How serious is Negligently Causing Serious Injury? What’s the maximum penalty and which Melbourne Court hears this charge?
Negligently Causing Serious Injury is a highly serious offence. The accused is likely to serve a prison term upon finding of guilt. This charge is an indictable offence and is primarily heard in the County Court. It also has a maximum penalty of 10 years of imprisonment upon finding guilt. However, this maximum penalty is only imposed on an accused if the offence committed is deemed to be an extreme example of the offence.
The legislation on Negligently Causing Serious Injury
Section 24 of the Crimes Act 1958 is the exact law for Negligently Causing Serious Injury. It is as follows:
Negligently causing serious injury
A person who by negligently doing or omitting to do an act causes serious injury to another person is guilty of an indictable offence. Penalty: Level 5 imprisonment (10 years maximum).
Pleading guilty or not guilty to Negligently Causing Serious Injury in a Melbourne Court
Pleading or not pleading guilty to a charge of Negligently Causing Serious Injury has huge consequences that may involve very unfavourable circumstances for the accused. As such, it is a must to discuss legal issues with a criminal defence solicitor.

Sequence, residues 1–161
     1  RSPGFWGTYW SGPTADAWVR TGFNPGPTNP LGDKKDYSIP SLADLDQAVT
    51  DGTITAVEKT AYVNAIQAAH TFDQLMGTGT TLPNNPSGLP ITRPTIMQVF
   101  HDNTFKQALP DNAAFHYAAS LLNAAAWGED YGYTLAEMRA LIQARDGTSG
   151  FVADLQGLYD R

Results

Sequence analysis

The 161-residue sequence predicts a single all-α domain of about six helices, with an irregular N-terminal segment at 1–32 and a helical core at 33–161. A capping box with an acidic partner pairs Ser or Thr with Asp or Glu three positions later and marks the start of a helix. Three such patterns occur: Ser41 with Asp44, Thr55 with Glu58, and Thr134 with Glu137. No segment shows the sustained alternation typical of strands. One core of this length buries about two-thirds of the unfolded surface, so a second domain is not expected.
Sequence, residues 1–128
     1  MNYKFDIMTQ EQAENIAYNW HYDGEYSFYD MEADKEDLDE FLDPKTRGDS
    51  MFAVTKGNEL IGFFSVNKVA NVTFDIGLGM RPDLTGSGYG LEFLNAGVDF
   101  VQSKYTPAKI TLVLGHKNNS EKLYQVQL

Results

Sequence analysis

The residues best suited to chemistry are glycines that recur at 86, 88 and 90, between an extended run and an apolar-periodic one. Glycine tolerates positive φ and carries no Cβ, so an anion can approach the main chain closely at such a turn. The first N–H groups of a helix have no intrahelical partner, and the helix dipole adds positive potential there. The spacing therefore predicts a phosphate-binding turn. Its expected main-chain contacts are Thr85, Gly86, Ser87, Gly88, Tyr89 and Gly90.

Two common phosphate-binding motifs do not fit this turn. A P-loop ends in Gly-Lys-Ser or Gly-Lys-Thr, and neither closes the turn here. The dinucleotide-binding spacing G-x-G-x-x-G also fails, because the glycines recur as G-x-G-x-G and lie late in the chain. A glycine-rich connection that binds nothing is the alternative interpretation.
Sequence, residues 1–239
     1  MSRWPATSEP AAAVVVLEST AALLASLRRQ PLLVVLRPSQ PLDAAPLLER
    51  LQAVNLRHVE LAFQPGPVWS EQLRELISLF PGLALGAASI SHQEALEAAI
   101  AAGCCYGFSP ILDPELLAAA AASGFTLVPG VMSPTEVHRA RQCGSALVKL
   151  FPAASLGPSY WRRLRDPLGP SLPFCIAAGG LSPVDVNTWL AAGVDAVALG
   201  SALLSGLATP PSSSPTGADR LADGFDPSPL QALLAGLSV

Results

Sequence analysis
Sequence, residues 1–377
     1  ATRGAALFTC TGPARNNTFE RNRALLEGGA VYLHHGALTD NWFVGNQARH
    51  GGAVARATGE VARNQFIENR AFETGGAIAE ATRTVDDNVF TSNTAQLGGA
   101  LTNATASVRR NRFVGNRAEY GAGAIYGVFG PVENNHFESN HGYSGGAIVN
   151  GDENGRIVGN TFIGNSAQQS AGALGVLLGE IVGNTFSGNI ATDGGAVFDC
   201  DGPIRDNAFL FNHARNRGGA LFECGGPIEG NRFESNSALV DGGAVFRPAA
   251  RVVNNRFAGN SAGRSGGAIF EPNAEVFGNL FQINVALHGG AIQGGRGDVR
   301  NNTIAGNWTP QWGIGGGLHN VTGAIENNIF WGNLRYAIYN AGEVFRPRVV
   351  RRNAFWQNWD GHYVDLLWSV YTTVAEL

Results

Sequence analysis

Elements of the charge of a Negligently Causing Serious Injury case in a Melbourne Court
There are various elements to this charge that must be proven by the Prosecution in Court to establish the guilt of an accused. Primarily, the accused must have caused a serious injury to another person and that serious injury satisfies the definition found under section 15 of the Crimes Act 1958. The accused must have also caused the serious injury via a negligent act or omission. It is also necessary for the accused to have no lawful excuse for causing the serious injury.
Defending the charge of Negligently Causing Serious Injury in a Melbourne Court
There are various criminal defences that can be used to defend an accused charged of Negligently Causing Serious Injury. Self defence, duress, and necessity are often defences used for cases involving this offence. Defence lawyers may also argue on the accuracy of facts presented in Court (which is generally known as a “factual dispute”). Other defences might be consent or mental impairment.
For more information on Negligently Causing Serious Injury, you may visit the Australian Defence Lawyers Association site (click here) and also the Doogue & O’Brien Melbourne Criminal Lawyers site (here).
Doogue & O’Brien Melbourne can provide you more detail about this
Our Head Office is at 5/221 Queen Street, Melbourne
Phone (03) 9670 5111 (24 hrs if you are in a Police Station)
This article was written on July 30, 2012 and relates to the law that it stands at this time.